Jeffrey Round is an award-winning writer, director, and playwright. He is the author of A Cage of Bones, The Honey Locust, The P-town Murders and the Lambda Award-winning Lake on the Mountain. He founded a multimedia theater company, Best Boys Productions, and his full-length stage play, Zebra, won the Gay and Lesbian Appeal’s “Right to Privacy Award” and was nominated for a Pink Trillium for Best Play. He founded the Church-Wellesley Review, Canada’s first print journal for LGBT creative writing. He lives in Toronto.
Thought provoking, sexy, edgy, and affecting, Teacher’s Pets explores what happens along the line that should not be crossed. Join a group of Venturers, a Wilderness Training school group, on their treks into the great outdoors of supernatural British Columbia and the mysteries of love and loss. Told in a series of free-verse poems from a lively crew of characters, interspersed with student assignments and the comments on them, discussions in and out of the classroom, journal entries, report cards, lists, and horoscopes, this book will engage both older teens and adults readers alike.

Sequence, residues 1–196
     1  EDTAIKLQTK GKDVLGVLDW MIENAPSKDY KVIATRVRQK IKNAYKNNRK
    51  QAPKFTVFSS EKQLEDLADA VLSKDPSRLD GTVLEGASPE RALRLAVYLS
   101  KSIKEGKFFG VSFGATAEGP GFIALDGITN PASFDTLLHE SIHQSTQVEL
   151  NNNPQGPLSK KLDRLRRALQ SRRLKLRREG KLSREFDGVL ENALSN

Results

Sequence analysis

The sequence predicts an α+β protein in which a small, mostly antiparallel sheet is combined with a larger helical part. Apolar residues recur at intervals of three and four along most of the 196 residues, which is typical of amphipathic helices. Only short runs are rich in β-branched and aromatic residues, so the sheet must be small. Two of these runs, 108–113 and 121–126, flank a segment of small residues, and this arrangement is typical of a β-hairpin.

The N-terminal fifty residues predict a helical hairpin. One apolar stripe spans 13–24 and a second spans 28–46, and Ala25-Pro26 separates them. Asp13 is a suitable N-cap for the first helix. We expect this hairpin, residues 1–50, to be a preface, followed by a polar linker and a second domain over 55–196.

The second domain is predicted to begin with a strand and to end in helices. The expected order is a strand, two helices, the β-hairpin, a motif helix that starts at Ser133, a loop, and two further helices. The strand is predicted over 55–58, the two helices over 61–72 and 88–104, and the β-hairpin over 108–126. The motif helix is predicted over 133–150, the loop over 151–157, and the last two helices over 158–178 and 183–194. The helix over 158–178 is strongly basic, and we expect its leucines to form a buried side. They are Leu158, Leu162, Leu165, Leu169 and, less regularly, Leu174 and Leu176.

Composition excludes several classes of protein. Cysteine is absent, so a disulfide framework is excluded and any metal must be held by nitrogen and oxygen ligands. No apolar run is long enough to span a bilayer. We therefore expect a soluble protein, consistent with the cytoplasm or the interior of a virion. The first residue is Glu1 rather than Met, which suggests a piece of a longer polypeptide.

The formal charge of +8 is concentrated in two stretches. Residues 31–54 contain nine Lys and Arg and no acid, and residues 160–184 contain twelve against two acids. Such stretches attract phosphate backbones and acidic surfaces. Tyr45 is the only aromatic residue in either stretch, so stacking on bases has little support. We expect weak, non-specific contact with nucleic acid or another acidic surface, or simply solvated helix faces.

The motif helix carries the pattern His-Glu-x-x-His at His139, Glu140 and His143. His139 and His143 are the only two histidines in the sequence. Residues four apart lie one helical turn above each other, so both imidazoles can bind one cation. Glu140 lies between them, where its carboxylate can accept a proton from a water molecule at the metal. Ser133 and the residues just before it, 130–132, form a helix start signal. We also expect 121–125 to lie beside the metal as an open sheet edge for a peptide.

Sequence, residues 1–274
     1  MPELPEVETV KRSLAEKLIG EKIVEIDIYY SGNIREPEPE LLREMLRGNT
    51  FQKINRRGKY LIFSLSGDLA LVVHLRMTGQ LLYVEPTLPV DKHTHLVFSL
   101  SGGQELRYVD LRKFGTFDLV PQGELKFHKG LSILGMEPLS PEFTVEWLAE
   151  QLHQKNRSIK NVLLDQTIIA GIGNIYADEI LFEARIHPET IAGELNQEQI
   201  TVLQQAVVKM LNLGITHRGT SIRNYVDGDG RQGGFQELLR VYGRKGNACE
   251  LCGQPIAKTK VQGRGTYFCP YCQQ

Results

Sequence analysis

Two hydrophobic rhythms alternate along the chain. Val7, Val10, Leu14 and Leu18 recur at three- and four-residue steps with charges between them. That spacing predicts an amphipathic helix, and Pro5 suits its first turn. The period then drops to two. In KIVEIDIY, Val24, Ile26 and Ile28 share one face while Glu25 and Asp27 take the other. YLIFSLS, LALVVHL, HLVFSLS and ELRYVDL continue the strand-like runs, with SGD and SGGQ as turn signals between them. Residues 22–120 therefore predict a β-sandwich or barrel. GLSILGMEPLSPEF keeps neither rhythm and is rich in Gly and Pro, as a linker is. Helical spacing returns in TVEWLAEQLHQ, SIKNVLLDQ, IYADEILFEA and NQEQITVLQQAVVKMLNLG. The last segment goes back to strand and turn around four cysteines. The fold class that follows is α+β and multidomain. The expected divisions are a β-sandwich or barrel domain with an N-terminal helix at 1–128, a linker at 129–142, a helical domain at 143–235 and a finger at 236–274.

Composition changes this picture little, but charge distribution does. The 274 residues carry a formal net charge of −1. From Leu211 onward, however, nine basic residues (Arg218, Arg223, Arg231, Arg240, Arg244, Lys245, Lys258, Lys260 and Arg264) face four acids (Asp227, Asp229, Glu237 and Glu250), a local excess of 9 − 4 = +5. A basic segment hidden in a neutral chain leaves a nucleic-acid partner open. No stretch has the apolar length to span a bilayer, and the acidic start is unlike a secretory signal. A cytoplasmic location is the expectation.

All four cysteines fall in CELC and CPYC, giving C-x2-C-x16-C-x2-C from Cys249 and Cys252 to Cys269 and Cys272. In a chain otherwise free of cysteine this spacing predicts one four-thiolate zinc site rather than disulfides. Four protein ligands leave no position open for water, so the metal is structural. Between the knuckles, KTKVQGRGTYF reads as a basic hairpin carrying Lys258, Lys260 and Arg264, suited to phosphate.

“Fearless and bold, Crystal Hurdle’s witty, multivocal novel in verse reads like a cross between Judy Blume and Into the Wild, with a dash of Gilbert and Sullivan thrown in.”—Cathy Stonehouse, author of Grace Shiver
“The collection reads like a play, resonates like poetry, and is as absorbing as a novel.”—Morgan Kelly, author of Midnight in Your Arms
“Unwavering and unsettling, these poems sometimes lift towards the lyrical, but just as often glory in the gutter. Always aware of the ambiguity, Hurdle creates a kind of music, wrung with care, from loves at once ordinary, but in their telling, something more.”—Anne Stone, author of Delible